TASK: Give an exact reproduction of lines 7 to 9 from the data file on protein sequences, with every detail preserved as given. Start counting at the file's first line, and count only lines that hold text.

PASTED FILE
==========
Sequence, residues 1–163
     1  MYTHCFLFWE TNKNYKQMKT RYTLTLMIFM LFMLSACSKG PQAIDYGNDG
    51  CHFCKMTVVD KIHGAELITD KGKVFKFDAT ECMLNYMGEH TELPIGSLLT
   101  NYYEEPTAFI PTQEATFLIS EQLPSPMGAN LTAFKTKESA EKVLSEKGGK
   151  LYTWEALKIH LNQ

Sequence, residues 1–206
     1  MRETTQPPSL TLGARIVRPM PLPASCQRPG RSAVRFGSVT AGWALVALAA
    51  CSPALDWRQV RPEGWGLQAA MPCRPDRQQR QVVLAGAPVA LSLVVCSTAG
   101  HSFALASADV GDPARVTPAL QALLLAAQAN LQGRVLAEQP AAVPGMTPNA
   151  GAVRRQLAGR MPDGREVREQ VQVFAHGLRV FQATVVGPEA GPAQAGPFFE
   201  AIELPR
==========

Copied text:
     1  MRETTQPPSL TLGARIVRPM PLPASCQRPG RSAVRFGSVT AGWALVALAA
    51  CSPALDWRQV RPEGWGLQAA MPCRPDRQQR QVVLAGAPVA LSLVVCSTAG
   101  HSFALASADV GDPARVTPAL QALLLAAQAN LQGRVLAEQP AAVPGMTPNA